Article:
For years, the feds have been working on an investigation they call “Operation Broken Glass,” a massive, multi-pronged assault on the criminal underworld spanning 12 states up and down the East Coast. Authorities have set their sights on more than a dozen suspects, but now, they’ve singled out a few key culprits: two guys in Maine, suspected of engaging in the lucrative, shady business of eel smuggling.
Whereas some thieves focus on snatching giant gold coins or the remains of dead auto legends, others set their sights on the highly profitable, questionably electric, certainly slimy world of illicit baby eel trading. And according to the Department of Justice, 71-year-old William Sheldon and 46-year-old Timothy Lewis were looking to get a piece of the action.
The DOJ claims Sheldon and Lewis—along with eleven other defendants the US Fish and Wildlife Service wrangled up—were trafficking more than $2.75 million worth of baby eels.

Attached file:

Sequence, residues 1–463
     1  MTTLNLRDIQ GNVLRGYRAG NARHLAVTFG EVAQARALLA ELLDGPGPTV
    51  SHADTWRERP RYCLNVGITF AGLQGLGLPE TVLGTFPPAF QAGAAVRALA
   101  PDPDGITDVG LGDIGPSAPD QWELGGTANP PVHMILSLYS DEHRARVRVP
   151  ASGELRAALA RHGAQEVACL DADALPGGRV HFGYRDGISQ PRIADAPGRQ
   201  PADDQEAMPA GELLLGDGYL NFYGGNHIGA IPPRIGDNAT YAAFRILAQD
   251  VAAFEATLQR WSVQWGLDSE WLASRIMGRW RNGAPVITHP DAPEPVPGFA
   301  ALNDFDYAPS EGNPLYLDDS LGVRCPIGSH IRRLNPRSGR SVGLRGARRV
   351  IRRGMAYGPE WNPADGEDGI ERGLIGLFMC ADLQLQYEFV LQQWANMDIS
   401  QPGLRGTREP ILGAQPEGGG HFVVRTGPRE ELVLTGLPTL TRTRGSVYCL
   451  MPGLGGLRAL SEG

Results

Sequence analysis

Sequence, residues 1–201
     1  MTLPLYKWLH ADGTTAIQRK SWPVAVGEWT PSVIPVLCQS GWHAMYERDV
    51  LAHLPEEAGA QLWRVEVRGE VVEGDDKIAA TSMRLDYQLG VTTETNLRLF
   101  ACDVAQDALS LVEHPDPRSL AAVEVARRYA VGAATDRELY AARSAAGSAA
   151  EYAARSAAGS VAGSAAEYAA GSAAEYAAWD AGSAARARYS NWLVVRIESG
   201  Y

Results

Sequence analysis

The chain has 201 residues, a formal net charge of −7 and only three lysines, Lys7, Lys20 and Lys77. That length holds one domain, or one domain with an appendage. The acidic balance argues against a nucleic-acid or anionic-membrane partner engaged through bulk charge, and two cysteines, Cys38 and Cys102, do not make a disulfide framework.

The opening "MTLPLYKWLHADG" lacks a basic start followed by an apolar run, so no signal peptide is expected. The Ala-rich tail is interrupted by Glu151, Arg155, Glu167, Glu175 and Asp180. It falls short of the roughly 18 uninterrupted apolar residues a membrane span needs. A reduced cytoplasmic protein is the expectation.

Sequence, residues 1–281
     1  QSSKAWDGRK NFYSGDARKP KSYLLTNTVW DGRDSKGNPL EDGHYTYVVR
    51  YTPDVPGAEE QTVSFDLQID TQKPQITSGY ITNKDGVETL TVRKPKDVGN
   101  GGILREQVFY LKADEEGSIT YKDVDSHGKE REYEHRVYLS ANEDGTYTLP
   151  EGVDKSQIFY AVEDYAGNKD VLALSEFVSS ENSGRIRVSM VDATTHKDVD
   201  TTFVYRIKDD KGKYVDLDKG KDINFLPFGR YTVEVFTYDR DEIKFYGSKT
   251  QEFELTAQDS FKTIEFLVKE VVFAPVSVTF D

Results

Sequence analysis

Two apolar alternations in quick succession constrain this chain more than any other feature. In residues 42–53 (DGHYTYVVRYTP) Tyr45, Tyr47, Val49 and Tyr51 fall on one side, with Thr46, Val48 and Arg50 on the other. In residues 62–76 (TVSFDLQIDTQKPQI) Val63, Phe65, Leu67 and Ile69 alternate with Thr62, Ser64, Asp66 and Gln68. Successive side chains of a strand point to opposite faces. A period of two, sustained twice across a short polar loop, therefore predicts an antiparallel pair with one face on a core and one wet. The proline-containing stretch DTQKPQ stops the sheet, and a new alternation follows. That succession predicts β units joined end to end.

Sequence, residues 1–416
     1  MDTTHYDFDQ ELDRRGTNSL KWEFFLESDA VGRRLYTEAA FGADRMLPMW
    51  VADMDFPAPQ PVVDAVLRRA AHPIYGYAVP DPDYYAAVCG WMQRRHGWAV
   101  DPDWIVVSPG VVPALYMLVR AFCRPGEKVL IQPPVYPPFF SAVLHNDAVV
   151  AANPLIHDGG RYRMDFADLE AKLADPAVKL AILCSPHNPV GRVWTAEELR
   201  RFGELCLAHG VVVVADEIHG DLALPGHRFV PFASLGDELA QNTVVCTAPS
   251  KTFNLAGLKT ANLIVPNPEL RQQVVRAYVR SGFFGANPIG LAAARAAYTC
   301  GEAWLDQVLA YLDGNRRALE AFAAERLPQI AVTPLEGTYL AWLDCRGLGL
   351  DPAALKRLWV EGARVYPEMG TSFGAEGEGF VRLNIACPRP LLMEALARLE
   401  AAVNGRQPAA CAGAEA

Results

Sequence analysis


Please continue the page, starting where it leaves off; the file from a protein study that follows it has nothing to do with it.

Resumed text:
Baby eels, or “elvers,” can fetch up to $2,000 per pound in East Asia, where they’re prized as a culinary delicacy. After Japanese and European eels fell victim to overfishing, they become a rarity in the East. Harvesters turned to the American eel to fill the void.
What’s still not clear, though, is just how one goes about stealing a baby eel and transporting it halfway across the globe, who is actually buying these eels, and where—if anywhere—a physical black market for eels exists. One thing’s for sure: The feds take that shit seriously. Sheldon and Lewis could face up to five years in prison and a maximum fine of $250,000 for their alleged fish crime.
“We will not allow the rivers of the United States to be the poaching grounds for international seafood markets,” John Cruden, the Assistant Attorney General of the Justice Department’s Environment and Natural Resources Division, said in a statement. “The American eel is an important, but limited natural and economic resource that must be protected. Trafficking only undercuts the toil and honest efforts of those who obey the law.”